Tuesday, November 13, 2012
Today’s Topic: Self Examination
Today’s Text: Psalm 119:59 (ESV) When I think on my ways, I turn my feet to your testimonies;
In 1968 one of the famous members of the Rat Pack decided to call it quits. At a dinner in Florida with several Mob guys and another musician named Paul Anka, Frank Sinatra declared, “I’m quitting the business. I’m sick of it, I’m getting…out.”
After returning to New York, Paul Anka decided to write a song that reflect Sinatra’s perspective on his own life. In a 2007 interview about the song he wrote, Anka stated, “I sat down at an old IBM electric typewriter and said, ‘If Frank were writing this, what would he say?’ And I started, metaphorically, ‘And now the end is near.’ I read a lot of periodicals, and I noticed everything was ‘my this’ and ‘my that’. We were in the ‘me generation’ and Frank became the guy for me to use to say that. I used words I would never use: ‘I ate it up and spit it out.’ But that’s the way he talked.”
In four hours he had written the lyrics to a song that became immediately identified with Frank Sinatra. It was first recorded at the end of 1968, and has been re-recorded by people like Elvis Presley, Tom Jones, Andy Williams, and even a penguin in the movie Happy Feet. In case you haven’t figured it out yet, the title of the song is My Way, and it goes like this:
And now, the end is here, And so I face the final curtain
My friend, I’ll say it clear, I’ll state my case, of which I’m certain
I’ve lived a life that’s full, I traveled each and ev’ry highway
And more, much more than this, I did it my way
Regrets, I’ve had a few, But then again, too few to mention
I did what I had to do and saw it through without exemption
I planned each charted course, each careful step along the byway
And more, much more than this, I did it my way
Yes, there were times, I’m sure you knew, When I bit off more than I could chew
But through it all, when there was doubt, I ate it up and spit it out
I faced it all and I stood tall and did it my way
I’ve loved, I’ve laughed and cried, I’ve had my fill, my share of losing
And now, as tears subside, I find it all so amusing, To think I did all that
And may I say, not in a shy way, “Oh, no, oh, no, not me, I did it my way”
For what is a man, what has he got? If not himself, then he has naught
To say the things he truly feels and not the words of one who kneels
The record shows I took the blows and did it my way!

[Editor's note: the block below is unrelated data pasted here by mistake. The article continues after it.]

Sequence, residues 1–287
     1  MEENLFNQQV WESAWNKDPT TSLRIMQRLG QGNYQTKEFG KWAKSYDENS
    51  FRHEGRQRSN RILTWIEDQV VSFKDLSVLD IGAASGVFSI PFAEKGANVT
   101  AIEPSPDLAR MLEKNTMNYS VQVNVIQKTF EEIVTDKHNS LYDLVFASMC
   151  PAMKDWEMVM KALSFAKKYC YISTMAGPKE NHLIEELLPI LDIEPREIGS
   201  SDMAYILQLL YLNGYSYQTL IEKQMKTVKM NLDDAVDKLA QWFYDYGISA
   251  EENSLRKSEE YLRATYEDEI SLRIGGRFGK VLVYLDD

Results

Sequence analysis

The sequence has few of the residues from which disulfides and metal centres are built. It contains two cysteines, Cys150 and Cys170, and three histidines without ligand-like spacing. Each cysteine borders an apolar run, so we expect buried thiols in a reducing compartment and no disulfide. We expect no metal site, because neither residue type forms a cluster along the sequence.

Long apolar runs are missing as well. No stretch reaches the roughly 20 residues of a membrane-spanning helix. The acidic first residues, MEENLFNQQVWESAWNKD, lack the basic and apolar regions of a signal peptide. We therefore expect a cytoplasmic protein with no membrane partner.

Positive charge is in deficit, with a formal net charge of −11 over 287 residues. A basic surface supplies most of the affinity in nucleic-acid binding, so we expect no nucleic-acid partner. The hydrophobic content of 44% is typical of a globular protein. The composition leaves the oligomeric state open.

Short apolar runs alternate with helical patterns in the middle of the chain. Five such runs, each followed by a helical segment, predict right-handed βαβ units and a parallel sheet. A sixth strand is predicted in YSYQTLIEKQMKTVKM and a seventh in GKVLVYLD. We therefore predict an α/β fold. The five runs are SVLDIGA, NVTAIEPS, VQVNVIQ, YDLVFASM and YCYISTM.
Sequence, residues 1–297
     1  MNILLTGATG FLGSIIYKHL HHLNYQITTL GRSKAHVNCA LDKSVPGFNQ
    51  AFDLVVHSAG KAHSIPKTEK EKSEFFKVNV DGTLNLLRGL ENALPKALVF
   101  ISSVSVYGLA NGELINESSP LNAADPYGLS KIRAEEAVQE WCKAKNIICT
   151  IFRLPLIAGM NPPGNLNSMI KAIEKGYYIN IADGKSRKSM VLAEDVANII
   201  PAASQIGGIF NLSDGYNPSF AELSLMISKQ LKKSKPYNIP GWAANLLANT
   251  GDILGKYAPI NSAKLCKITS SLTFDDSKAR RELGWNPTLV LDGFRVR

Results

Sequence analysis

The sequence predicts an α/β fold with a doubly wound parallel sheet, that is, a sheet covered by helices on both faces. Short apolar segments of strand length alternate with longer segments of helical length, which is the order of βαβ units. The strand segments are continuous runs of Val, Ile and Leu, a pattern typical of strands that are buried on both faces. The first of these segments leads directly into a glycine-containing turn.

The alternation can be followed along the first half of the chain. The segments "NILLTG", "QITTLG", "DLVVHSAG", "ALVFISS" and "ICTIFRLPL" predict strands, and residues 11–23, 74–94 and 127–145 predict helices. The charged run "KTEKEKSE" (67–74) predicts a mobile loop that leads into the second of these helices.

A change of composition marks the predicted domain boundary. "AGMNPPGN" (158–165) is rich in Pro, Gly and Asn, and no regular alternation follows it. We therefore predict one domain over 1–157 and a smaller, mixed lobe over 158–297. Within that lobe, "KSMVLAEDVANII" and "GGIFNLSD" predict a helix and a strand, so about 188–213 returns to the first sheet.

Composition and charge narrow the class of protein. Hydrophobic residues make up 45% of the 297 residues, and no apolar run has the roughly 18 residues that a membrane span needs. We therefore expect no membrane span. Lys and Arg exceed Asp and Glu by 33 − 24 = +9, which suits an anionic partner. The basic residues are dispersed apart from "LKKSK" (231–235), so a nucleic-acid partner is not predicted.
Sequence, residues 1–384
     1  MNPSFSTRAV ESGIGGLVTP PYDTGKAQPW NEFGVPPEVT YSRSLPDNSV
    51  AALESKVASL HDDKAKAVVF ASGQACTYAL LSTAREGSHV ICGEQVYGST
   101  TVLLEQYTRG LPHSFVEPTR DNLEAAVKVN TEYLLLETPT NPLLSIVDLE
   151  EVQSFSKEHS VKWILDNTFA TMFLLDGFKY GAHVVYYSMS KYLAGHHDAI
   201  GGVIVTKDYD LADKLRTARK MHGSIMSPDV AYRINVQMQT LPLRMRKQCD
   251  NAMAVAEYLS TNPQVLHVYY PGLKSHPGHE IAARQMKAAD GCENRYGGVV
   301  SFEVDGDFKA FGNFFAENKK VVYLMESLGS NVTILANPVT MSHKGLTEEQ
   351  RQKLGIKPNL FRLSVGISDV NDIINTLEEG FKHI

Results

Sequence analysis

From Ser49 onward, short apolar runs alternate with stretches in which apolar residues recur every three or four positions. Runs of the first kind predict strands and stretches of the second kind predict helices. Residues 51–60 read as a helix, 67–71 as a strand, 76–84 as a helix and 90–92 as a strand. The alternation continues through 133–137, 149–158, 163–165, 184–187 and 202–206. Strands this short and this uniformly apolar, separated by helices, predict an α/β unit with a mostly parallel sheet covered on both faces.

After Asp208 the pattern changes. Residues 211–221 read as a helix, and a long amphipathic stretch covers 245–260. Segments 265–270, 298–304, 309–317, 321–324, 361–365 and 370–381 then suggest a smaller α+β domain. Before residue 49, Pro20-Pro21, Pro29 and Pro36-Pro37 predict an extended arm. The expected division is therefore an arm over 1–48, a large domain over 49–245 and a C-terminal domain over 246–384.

Now, if you read the lyrics with any sort of spiritual sensitivity you will be quickly moved to brokenness, or at least you should be. The life described here is absolutely contradictory to the life of a follower of Jesus Christ, and yet the lyrics are too true of too many who call themselves Christians.
In contrast to the man described in the song, there is a man described in another song, a Psalm. He is a man who is also examining his ways, and as he does he realizes the futility of them and turns immediately away from his way and follows God’s way. Charles Spurgeon describes such a man this way:
While studying the word he was led to study his own life, and this caused a mighty revolution. He came to the word, and then he came to himself, and this made him arise and go to his Father. Consideration is the commencement of conversion: first we think and then we turn. When the mind repents of ill ways the feet are soon led into good ways; but there will be no repenting until there is deep, earnest thought…Action without thought is folly, and thought without action is sloth: to think carefully and then to act promptly is a happy combination…If we are in the dark, and mourn an absent God, our wisest method will be not so much to think upon our sorrows as upon our ways: though we cannot turn the course of providence, we can turn the way of our walking, and this will soon mend matters. If we can get our feet right as to holy walking, we shall soon get our hearts right as to happy living. God will turn to his saints when they turn to him; yea, he has already favoured them with the light of his face when they begin to think and turn.
— Quoted from Charles Spurgeon in The Treasury of David
I love this line – If we can get our feet right as to holy walking, we shall soon get our hearts right as to happy living. Fulfillment in life is not about doing it my way, but about turning from my way and following God’s way.
So if someone heard that you were near the end of your life, and wanted to write a song to memorialize you, what would the lyrics say?
Let us test and examine our ways, and return to the LORD! (Lamentations 3:40)
Because he considered and turned away from all the transgressions that he had committed, he shall surely live; he shall not die. (Ezekiel 18:28)
Examine yourselves, to see whether you are in the faith. Test yourselves. Or do you not realize this about yourselves, that Jesus Christ is in you?—unless indeed you fail to meet the test! (2 Corinthians 13:5)